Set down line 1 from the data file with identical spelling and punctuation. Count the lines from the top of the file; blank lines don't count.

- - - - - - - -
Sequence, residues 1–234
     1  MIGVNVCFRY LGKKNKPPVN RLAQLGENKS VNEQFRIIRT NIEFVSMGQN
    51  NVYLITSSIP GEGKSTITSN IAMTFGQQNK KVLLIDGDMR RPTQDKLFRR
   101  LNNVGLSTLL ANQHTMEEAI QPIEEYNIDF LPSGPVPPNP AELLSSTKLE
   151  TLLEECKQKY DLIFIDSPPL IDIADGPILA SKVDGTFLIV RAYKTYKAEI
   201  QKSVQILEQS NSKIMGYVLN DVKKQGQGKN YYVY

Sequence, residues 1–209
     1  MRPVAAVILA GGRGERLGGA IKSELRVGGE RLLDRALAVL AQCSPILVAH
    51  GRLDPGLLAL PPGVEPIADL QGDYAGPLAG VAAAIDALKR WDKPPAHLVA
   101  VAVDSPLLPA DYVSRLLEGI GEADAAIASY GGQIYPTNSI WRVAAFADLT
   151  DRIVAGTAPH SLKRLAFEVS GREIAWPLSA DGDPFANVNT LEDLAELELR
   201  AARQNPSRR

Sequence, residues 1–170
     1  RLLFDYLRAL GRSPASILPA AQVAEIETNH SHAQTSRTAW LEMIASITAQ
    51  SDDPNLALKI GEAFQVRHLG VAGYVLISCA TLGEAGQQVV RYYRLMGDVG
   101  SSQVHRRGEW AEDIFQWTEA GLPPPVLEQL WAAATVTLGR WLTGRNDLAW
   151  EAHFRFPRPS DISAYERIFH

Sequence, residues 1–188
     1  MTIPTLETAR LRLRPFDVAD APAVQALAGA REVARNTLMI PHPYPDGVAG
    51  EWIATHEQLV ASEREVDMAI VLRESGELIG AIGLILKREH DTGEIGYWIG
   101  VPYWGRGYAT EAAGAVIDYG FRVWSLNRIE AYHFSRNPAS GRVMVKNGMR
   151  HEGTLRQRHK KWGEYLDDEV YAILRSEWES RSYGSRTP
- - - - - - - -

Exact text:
Sequence, residues 1–234